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German Swiss International School students (from left) Jaden Cheng, Gabriel Löwy, Jack Ryan, and Martin Lau Yan-chak faced treacherous climbs together to raise money for charity. Photo: Jack Ryan
When 17-year-olds Jack Ryan, Gabriel Löwy, Jaden Cheng, and Martin Lau Yan-chak initially planned to raise HK$100,000 for charity by walking the 100km MacLehose Trail, they never anticipated that they would meet their goal - let alone surpass it fourfold.
The idea originated from Jack, who wanted to donate money to the Child Development Centre (CDC) in Hong Kong - a charity which supports children with disabilities - in honour of his sister Ffion, who has Down’s syndrome and had previously attended a programme there.
Having spent the majority of the pandemic hiking to clear his head from the idleness of online school, it made sense to Jack to turn his hobby into a fundraising challenge. He thought a long trek would do the trick, and why not one of the longest in Hong Kong?
“There’s an element of prestige to completing this trail, and I thought I might as well use this opportunity to do something charitable too,” Jack told Young Post over video call. So he turned to three of his friends, who also enjoyed hiking, to join him.
Before embarking on their adventure, the German Swiss International School students set up a SimplyGiving donation page with HK$100,000 as their target, which they met in a week thanks to their parents, friends, and school.
The GSIS students would go on to raise about four times their initial goal for charity. Photo: SCMP/Xiaomei Chen
The CDC was so impressed with the boys’ commitment that they helped advertise the fundraising effort, bringing in donations that helped them raise more than HK$400,000.
Now that they had collected this much money, it was time to face the trek.
They divided the 10 sections of the trail over the course of three days, which totalled around 36 hours of hiking. On March 27 at 5am, the boys met in Sai Kung to begin the first three.
They had underestimated how hard it would be, and Jaden explained, “It was the ascents and descents that killed us.”
And on top of all that, Gabriel chimed in to say he had forgotten his lunch.
Luckily, others were more prepared. Martin carried everything from medication to hiking sticks, though he regrets not using them sooner, as he felt it was a mistake to rely only on his body so early on.
Ham Tim Beach, with its pristine sand, is one of the most stunning in the world. The MacLehose goes round the back of the beach, giving you a stunning view. Photo: Google Street View
As they traversed the trail’s slopes, their biggest fear was of getting injured, and Gabriel said, “We’re young and fit, so we were capable of the journey. But anything can happen.”
Fortunately, nothing too eventful happened, and the time passed quickly as they chatted and observed other hikers, some of whom were having photoshoots. They wrapped up the first day at 5pm, and went home to rest.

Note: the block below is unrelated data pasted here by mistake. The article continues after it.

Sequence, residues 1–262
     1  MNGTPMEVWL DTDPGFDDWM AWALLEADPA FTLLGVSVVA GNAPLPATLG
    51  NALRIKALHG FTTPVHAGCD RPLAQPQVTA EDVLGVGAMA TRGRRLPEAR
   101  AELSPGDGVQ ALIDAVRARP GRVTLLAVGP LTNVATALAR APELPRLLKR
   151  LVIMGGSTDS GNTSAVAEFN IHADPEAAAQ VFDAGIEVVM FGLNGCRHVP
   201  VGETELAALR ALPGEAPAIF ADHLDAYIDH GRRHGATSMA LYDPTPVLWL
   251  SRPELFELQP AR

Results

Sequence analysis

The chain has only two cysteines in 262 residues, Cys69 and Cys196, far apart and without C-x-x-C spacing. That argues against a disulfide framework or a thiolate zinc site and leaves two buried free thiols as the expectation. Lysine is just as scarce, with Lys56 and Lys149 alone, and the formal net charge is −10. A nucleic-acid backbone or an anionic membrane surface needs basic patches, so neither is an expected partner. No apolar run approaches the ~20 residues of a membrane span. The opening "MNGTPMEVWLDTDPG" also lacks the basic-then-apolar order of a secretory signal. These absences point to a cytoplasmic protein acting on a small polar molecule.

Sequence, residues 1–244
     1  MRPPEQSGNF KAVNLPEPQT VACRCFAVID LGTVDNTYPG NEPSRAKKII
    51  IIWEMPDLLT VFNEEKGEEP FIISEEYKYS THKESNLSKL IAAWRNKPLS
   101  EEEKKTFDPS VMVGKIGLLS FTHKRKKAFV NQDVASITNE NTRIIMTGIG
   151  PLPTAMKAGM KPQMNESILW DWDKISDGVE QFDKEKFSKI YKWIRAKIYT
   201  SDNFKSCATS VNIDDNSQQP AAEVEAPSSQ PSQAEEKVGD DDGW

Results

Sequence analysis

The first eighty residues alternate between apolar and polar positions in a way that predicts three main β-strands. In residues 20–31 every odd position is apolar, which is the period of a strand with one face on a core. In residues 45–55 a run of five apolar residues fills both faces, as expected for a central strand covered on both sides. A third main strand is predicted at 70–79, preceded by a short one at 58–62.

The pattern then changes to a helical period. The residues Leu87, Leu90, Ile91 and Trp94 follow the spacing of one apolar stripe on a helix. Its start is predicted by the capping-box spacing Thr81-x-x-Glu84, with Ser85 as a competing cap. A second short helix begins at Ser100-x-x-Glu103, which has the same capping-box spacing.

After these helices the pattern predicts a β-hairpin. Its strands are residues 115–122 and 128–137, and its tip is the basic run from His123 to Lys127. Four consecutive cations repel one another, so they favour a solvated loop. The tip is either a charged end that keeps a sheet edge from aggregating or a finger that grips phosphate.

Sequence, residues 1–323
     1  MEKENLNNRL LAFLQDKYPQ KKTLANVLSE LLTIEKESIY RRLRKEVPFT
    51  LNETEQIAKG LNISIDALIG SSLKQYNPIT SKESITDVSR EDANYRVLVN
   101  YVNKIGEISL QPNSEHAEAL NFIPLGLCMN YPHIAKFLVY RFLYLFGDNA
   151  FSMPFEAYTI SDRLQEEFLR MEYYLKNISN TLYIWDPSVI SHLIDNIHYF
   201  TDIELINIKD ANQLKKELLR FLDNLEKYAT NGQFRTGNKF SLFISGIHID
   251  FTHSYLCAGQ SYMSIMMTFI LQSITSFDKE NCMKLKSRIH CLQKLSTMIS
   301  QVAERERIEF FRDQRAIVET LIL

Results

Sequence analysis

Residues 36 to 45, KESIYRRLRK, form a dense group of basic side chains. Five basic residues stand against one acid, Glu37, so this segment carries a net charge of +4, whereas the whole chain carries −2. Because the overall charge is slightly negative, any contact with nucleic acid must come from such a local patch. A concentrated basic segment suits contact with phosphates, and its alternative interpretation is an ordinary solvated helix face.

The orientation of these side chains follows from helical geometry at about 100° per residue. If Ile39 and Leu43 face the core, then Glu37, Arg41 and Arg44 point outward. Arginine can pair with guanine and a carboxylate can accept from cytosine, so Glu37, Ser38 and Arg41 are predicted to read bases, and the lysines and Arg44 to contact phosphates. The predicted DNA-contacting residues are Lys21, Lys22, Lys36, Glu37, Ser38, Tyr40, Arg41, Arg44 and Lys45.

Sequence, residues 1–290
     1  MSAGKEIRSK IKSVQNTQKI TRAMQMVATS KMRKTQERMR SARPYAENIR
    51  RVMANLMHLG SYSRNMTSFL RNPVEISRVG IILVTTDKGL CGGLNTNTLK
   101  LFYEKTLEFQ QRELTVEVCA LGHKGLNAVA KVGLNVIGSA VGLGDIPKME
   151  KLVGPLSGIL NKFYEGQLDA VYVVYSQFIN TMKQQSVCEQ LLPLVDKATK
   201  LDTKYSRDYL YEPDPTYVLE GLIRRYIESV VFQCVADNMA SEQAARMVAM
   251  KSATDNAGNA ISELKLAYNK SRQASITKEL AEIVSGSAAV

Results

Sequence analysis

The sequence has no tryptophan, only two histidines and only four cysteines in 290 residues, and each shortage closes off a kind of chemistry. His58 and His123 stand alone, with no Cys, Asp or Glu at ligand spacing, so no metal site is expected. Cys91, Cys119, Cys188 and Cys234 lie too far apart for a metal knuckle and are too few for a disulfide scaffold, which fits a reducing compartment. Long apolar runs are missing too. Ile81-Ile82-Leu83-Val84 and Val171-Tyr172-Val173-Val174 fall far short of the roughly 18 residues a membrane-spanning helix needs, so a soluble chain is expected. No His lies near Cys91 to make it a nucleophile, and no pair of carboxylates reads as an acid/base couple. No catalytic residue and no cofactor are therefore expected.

The following day they met to walk sections four through six, and Gabriel brought matzoh crackers from a Jewish holiday event he attended the night before to share with the group and fuel them up the hills. They also relied on power bars, beef jerky, and nine litres of water to keep them going.
But they weren’t the only ones that were eating on the trail.
Jaden told us, “We were walking by a reservoir, and saw the path full of monkeys. People had barrels of food and were chucking them towards the monkeys to feed them.”
“It’s destructive to the ecosystem,” he explained, and they approached the food-chuckers to tell them to stop.
Unfortunately, the people then threw food at the boys, which soured the mood for the rest of the day.
Macaques (wild monkeys) are seen digging through the rubbish on the Maclehose Trail. It's dangerous for the monkeys to eat human food. Photo: SCMP/ Yves Sieur
By the final day, they felt sore and ready to finish, but they still had the longest way to go from sections seven to ten. They stopped often to eat snacks, drink Pocari Sweat, and talk about memes - which may have distracted them from keeping track of where they were.
“At one point, we were kind of lost,” Jaden said. “We took a break, and just didn’t realise where we were.”
Martin said they were also racing against time because once it gets dark, it’s pitch black.
After 12 gruelling hours, the boys finished, but they couldn’t celebrate for long - they had to go home to study for mock exams.
“I was pretty sad when we finished because it was a big difference staying home all day compared to being out in the mountains,” said Jack, recalling how the trail was a way to briefly forget the weariness of online school.
Reflecting on their journey, Gabriel said, “It was arduous at times, but doing it together with a nice group of people made it better.”